In the context of I Peter 3, the writer is telling husbands and wives how to treat each other and how to be "couples" who bring honor to God. In the midst of this come some very practical words, which I don't think apply to married couples alone. These words are pertinent to all of us - yet we can never forget the context in which they are written. If these are important for married couples to learn, they are equally as beneficial for us "single" folks to get hold of, too!
Summing up: Be agreeable, be sympathetic, be loving, be compassionate, be humble. That goes for all of you, no exceptions. No retaliation. No sharp-tongued sarcasm. Instead, bless—that’s your job, to bless. You’ll be a blessing and also get a blessing. (1 Peter 3:8-9 MSG)
Okay...seems like a long list of "be's" and "not to be's", right? If you see it this way, you will likely never benefit from the instruction given. First, Peter tells wives to be good to their husbands - responsive to their needs. We can all learn from this - as there is nothing more amazing than to have someone anticipate our needs even before we vocalize them. Peter reminds us of the importance of "living out" our faith - because words are loud, but actions are louder and more convincing. Our "inner disposition" is the thing of concern - not the "prettying up" of ourselves on the outside. Next, Peter tells the husbands to honor their wives - bring them onto an "equal" plane. In the times he writes, women were clearly disregarded as not "favored" in the culture - they had a position of lesser "value". The elevation of a woman as an "equal" was a new concept to these husbands. So, in telling them to "elevate" or "honor" them, he is reminding the husbands of the work of God in making us all equally "valued" in his kingdom.
So, now this brings us to our passage today. Here we find Peter beginning to "sum up" some instruction he had for the believers (including us). He laid out some "relationship" pointers which will get us a long way in life if embraced as a way of life. Most importantly, he lays them out as indicators of a changed life. When these things are evident in us, there is a "trackable" evidence of the actions of God's grace in us. It is important to recognize what he tells us - there are "NO EXCEPTIONS" - these instructions go for all of us.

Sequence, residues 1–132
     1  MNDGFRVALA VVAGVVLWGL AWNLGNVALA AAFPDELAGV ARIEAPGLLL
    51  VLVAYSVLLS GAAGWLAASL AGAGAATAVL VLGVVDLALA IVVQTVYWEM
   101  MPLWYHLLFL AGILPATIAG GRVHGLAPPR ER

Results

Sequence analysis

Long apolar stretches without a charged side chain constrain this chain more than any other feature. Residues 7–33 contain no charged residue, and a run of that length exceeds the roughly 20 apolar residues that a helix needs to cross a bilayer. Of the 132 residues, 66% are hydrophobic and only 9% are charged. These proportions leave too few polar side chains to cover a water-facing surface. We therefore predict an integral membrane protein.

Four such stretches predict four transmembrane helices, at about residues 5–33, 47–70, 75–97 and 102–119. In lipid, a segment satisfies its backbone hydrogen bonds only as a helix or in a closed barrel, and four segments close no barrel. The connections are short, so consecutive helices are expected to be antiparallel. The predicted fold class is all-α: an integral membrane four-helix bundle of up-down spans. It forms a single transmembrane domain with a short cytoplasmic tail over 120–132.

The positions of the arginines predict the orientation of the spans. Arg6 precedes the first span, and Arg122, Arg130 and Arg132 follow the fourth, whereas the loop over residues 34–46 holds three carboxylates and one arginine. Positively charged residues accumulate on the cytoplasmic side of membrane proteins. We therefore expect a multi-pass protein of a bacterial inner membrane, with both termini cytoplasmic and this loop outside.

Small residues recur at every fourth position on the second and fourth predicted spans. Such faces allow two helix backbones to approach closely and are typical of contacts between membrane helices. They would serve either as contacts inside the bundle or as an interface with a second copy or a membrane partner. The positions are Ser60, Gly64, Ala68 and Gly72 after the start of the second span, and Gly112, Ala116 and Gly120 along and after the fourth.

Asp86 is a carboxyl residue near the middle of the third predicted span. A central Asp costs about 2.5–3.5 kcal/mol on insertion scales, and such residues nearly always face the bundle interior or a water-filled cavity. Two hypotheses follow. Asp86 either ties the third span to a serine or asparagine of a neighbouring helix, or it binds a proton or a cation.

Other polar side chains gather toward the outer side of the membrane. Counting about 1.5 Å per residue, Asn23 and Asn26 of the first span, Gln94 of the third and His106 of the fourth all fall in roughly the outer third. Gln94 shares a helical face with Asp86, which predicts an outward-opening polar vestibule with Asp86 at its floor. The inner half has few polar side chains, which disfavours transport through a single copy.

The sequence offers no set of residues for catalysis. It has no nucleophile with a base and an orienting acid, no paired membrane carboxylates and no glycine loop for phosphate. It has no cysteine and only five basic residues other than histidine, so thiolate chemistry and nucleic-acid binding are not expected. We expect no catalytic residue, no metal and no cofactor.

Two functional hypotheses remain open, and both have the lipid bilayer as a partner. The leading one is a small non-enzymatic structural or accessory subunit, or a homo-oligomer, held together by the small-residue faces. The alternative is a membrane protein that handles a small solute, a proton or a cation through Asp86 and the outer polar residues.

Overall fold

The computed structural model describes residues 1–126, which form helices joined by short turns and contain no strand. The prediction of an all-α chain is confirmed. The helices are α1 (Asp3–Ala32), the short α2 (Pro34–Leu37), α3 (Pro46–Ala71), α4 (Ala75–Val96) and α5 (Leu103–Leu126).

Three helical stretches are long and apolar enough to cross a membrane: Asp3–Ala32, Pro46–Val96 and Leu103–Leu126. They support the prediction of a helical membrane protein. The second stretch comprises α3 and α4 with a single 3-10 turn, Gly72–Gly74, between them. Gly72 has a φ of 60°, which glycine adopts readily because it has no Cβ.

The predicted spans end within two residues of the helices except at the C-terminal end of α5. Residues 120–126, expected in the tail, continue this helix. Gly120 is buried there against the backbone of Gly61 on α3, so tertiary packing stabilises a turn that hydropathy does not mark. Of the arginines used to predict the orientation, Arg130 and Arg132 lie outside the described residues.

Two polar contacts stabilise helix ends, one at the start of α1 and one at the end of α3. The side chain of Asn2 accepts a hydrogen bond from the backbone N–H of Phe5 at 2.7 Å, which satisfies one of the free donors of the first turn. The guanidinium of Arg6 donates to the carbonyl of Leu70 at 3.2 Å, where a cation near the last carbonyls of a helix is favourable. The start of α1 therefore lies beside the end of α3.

Four instructions, each beginning with one very small word - "Be". In clear instruction, Peter tells us to make it happen! This is what "be" means - to make it exist. This means we have some action on our part - it is not just something we are "graced" with and "poof", we are suddenly agreeable, sympathetic, loving and compassionate, let alone humble! These are things which need to be developed in us - our wills "collaborating" with the Holy Spirit and his instruction until we see evidence of these traits clearly in our relationships.
Agreeable suggests the character he was requiring of the husband and wife in the previous verses - to be conformable to the needs and desires of the other. It carries the idea of being compatible. If you have ever found yourself "compatible" with another, you might also have found yourself in a position of accommodating their needs. You are "flexible" rather than rigidly resistant to their ideas. This is an amazing thing when it happens - two people so "compatible" they just fall into sync with each other. First, we need to find ourselves this way with God - falling into sync with what he desires of our lives, then with each other.
Sympathetic suggests the idea of being "congenial". A big word, so let me break it down a little. He is telling us to be "tender" in how we treat another. In other words, we are "kind" to the other person - even when kindness may not be deserved. You know, I have learned more in the moments when someone extends kindness when my manifested character deserved something more closely resembling a good knock up side of my noggin! Agreeable people (those who can accommodate to the needs of another) find it a bit easier to be sympathetic - to feel compassion for another. Loving and compassionate are just outflows of the first two traits. When we are agreeable and sympathetic, we are also reflecting the love and compassion of a gracious Savior.
The last thing he tacks on is the idea of being humble. I think Peter may have been reminding each of us to stop pretending here. Relationships go nowhere when there is not honest transparency. As long as we are content to pretend with another - to be something we are not - we will never really understand the depth of relationship he was pointing out as possible. Then, without another breath, he adds two more instructions which are really linked together with these others: No retaliation, No sharp-tongued sarcasm. "Real" people (those who are totally transparent) get the idea of not throwing stones at glass houses! When we are transparent, we feel like glass houses - no one wants "stones" of retaliation or sarcasm cast their way when they are vulnerable enough to be exactly who they are with you!
Just some thoughts on relationships this morning. I may not be a wife, but I see some great value in the lessons Peter is teaching! Just sayin!